Main cast: John C Reilly (Jim Kurring), Tom Cruise (Frank TJ Mackey), Julianne Moore (Linda Partridge), Philip Baker Hall (Jimmy Gator), Jeremy Blackman (Stanley Spector), Philip Seymour Hoffman (Phil Parma), William H Macy (Donnie Smith), Melora Walters (Claudia Wilson Gator), Jason Robards (Earl Partridge), Melinda Dillon (Rose Gator), Michael Bowen (Rick Spector), Felicity Huffman (Cynthia), April Grace (Gwenovier), Ricky Jay (Burt Ramsey), and Alfred Molina (Solomon Solomon)
Director: Paul Thomas Anderson
From Boogie Nights to a Short Cuts-wannabe – Paul Thomas Anderson is obviously doing his best to move into the 1990s a decade too late. Magnolia retreads the grounds already explored in last year’s so-so Playing by Heart, but at least Playing by Heart is romantic. This one is an emotional wreck of a movie populated with many unlikable characters. Result? Antidepressants recommended.
The story revolves three days in the lives of seemingly unrelated people. Let’s see. Big Earl Partridge (Jason Robards) is dying and wants to see his estranged son Frank (Tom Cruise) one last time before he hits the big one. His trophy wife (Julianne Moore) is devastated because she has grown to love him. Frank is now a hokey guru that runs successful workshops for men, teaching them Neanderthal sexual politics (“always respect your cock”). Then there’s nice bumbly policeman (John C Reilly) who falls for a drugged-up woman (Melora Waters). This woman is the estranged daughter of the host of a successful kiddie-genius quiz game show who is dying of cancer. And in that game show is shy child prodigy Stanley (Jeremy Blackman) who just wants to be left alone. Watching the show is socially dysfunctional former contestant Donnie (William H Macy). Got that?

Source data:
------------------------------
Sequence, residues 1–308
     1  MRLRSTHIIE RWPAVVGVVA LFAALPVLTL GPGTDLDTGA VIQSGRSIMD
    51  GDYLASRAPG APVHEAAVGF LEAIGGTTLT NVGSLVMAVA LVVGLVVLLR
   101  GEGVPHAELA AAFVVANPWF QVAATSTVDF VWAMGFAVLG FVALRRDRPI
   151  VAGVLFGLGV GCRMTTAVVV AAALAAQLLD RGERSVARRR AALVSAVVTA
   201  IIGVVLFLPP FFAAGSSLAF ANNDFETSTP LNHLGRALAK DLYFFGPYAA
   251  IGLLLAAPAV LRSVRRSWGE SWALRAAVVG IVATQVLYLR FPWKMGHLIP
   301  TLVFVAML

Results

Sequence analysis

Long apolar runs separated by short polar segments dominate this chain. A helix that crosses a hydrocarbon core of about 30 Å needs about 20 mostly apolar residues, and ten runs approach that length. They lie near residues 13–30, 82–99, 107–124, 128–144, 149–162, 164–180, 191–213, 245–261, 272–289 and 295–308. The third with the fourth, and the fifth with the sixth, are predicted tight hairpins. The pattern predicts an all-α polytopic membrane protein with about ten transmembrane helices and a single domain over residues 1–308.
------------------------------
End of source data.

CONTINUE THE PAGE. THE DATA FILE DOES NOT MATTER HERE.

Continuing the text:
Since this is practically a montage of short sequences glued into a story, some stories are better than others. Standout scenes are Frank interviewed – grilled, more like it – by a sly interviewer (the way he counters her questions is fun), Donnie and an old man (cameo by Sir Ian McKellen) vying for the attentions of a hunky bartender, and Stanley telling off the adults in the quiz show for not realizing that he is human, not a toy for display. The interview scene is great because Tom Cruise’s cocky charisma comes under fire from a cool, sophisticated interviewer played by April Grace. It is an arduous task, but she slowly pulls down Frank’s well-honed charms and rakish facade until he is left stunned and flabbergasted. Cruise and Grace exudes subtle sexual tension under their mercenary fencing and it is too bad their story never progresses further. Pity.
Donnie is a pitiful character who regains his dignity – at least in my eyes, while Stanley’s life could may as well turn into a barren wasteland like Donnie’s, but the boy finally finds the courage to refuse the pressures placed on him by his peers and father. Stanley’s quiet You will treat me better from now on to his father has me applauding that boy. And cop Jim Kurring (Reilly) is a nice, simple man who is lonely but can’t find the right woman.
Everyone else is simply candidates for some anonymous recovery groups. The two female leads are the worst, especially Claudia the drug addict who can’t say a sentence without lapsing into hysterical shrieks and painful screamings. Julianne Moore’s Linda is more restrained, but her lines are all delivered in near-hysteria, making her painful to watch. Every old people is dying of cancer, everyone’s husband an adulterer, every woman’s a drug addict or liar, and everyone’s miserable.
Between the sappy Playing by Heart and the over-depressive Magnolia, I’ll take the former. This one offers nothing but business opportunities for Prozac, and I don’t even get to see Mark Wahlberg’s dong.